- DELETE: The method deletes the specified resource.
API headers allow the client and server to send additional data with an HTTP request or response. The server uses headers to process requests.
Request & Response
An API request happens when a call to a server is made using an API. The data sent back to you is called a response.
API parameters are parameters that can be given along with an endpoint to alter the response. They can be sent using the GET and POST methods.
Token-based authentication uses access tokens to allow an application to access an API. After a user successfully authenticates and approves access, the application obtains an access token, which it uses as a credential when using the target API.
An API key is a one-of-a-kind identification that allows a user, developer, or calling application to access an API. However, instead of a human user, they are usually used to authenticate a project with the API.
Consumer Key and Secret
An API key issued by a service provider is known as a consumer key (such as Twitter or Facebook). The consumer is identified by this key. The consumer secret, on the other hand, is the “password” used in conjunction with the consumer key to request access to a user’s resources from a service provider.
An API endpoint is a digital address where the API receives queries and responds.
JSON is the most popular data format for storing and transporting information. The JSON format is commonly used for API responses because it is lightweight and fast.
Latency in API is the total time the API system takes to respond to API calls.
A rate limit is the maximum number of API requests made by a user or app in a given amount of time. A rate limit protects an API from accidental or malicious overuse.
Restricting the number of API requests a user may make in a given period is known as API throttling. API throttling helps counter denial of service (DoS) attacks, where a malicious user makes large amounts of requests to shut down the application.
OAuth is a protocol that allows programs to grant “secure delegated access” to client applications. OAuth uses access tokens rather than passwords to authorize devices, APIs, servers, and apps over HTTPS. OAuth comes in two versions: OAuth 1.0 and OAuth 2.0.
Useful Tools for API Development
While there are several API design tools and technologies available, the most often used API development technologies and tools for designing APIs for developers include:
Apigee is an API management tool offered by Google to help companies build and scale apps, APIs, and data. Hundreds of businesses rely on Apigee to create, protect, test, and grow APIs while keeping visibility and control.
Dredd is an HTTP API Testing Framework for validating API description documents against the backend implementation of the API. It validates your API responses step by step, as described in the documentation.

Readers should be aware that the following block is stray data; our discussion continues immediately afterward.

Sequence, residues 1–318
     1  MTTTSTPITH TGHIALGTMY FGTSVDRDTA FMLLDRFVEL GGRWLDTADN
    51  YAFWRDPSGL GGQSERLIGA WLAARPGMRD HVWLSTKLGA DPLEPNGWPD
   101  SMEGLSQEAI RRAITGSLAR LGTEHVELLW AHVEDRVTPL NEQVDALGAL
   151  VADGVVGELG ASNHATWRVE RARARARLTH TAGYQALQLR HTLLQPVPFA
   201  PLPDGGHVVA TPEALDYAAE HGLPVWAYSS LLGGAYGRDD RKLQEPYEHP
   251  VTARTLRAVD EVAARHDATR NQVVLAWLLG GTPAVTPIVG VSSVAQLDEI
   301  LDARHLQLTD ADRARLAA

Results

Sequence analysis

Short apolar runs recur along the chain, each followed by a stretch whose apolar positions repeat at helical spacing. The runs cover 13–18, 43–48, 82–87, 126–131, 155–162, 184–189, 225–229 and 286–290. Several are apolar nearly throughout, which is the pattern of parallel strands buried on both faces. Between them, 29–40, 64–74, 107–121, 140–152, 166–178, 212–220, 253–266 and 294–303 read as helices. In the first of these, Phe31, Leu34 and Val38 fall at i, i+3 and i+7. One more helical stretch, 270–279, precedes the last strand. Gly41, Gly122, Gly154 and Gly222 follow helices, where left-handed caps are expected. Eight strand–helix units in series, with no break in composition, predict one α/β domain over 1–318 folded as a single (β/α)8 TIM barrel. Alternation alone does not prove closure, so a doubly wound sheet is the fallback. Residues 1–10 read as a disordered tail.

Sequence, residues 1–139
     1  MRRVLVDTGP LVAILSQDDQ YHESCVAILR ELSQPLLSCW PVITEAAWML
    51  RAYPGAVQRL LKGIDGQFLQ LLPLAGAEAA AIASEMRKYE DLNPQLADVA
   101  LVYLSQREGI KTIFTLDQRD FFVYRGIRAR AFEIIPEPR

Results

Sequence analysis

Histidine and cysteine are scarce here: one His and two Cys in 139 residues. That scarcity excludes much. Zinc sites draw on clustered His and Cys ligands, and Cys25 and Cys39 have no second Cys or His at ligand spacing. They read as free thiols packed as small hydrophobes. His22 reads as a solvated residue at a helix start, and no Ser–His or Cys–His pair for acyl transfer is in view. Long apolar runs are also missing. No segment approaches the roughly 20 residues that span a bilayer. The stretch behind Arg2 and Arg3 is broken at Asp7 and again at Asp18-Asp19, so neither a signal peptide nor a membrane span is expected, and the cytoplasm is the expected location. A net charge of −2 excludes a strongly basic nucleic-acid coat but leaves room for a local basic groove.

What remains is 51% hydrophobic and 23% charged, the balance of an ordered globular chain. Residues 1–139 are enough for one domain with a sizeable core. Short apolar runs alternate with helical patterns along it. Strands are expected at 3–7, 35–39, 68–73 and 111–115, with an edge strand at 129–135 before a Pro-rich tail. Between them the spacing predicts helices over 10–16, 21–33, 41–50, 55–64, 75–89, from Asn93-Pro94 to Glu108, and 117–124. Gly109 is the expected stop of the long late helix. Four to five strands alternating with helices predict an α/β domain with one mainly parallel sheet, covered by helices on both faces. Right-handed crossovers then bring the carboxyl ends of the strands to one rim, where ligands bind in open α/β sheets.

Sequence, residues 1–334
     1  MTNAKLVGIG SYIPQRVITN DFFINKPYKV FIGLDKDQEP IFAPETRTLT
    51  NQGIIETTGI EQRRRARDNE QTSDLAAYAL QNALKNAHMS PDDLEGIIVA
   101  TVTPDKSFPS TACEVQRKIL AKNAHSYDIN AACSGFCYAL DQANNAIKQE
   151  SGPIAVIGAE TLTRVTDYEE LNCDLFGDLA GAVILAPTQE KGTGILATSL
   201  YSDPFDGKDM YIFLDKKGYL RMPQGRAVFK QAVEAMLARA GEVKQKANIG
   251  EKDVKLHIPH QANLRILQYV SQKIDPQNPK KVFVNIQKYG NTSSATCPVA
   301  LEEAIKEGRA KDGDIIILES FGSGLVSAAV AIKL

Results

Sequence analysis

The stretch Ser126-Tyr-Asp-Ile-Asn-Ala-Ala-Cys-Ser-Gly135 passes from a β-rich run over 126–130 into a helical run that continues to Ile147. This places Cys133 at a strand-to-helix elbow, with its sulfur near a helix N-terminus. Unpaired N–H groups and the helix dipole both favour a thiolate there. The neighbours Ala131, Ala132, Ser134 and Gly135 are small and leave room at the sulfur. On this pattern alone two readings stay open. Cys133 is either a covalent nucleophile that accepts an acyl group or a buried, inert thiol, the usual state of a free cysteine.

Sandbox helps developers to mock RESTful API and SOAP web services quickly and easily. It automatically generates mock web services from API definitions and helps with instant deployment.
Postman offers a full suite of API development, testing, and modification tools. It is the most widely used API testing tool on the internet. Postman is used by millions of developers to make API development simple and straightforward.
SoapUI is an open-source automated testing tool for SOAP and REST APIs. It is widely used for web service inspection, development, invoking, mocking, functional testing, and load and compliance testing. It supports various standard protocols such as HTTP, HTTPS, REST, JMS, AMF, JDBC, SOAP, etc.
Swagger is an open-source framework that provides a complete set of API development tools for designing, building, documenting, and consuming REST APIs that adhere to the Open API specification. Swagger is currently the most popular API design framework. It was recently transferred to the Linux Foundation under the name The Open API Initiative, and it is supported by companies such as Google, Microsoft, Intuit, and Atlassian.
LoadView is a browser-based solution for website load and stress testing. It enables development teams to forecast how a website, web application, API, and other applications will perform under various traffic and workload scenarios.
JMeter is one of the most popular and user-friendly tools for API testing.
What Makes a Good API?
Authorization & Authentication
Authentication verifies a client’s API connection. Even if the client has already connected, each call to a REST API must be separately authenticated to preserve stateless transfer. Regarding authorization, it comes after authentication: after verifying that a client connection is valid, permissions must be issued to limit what the client may do and what resources they have access to.
Search by Criteria
A good application programming interface (API) should let you search datasets based on certain criteria. When a user needs to view a dataset based on specific conditions or filters, the function is a big help and is very convenient to use.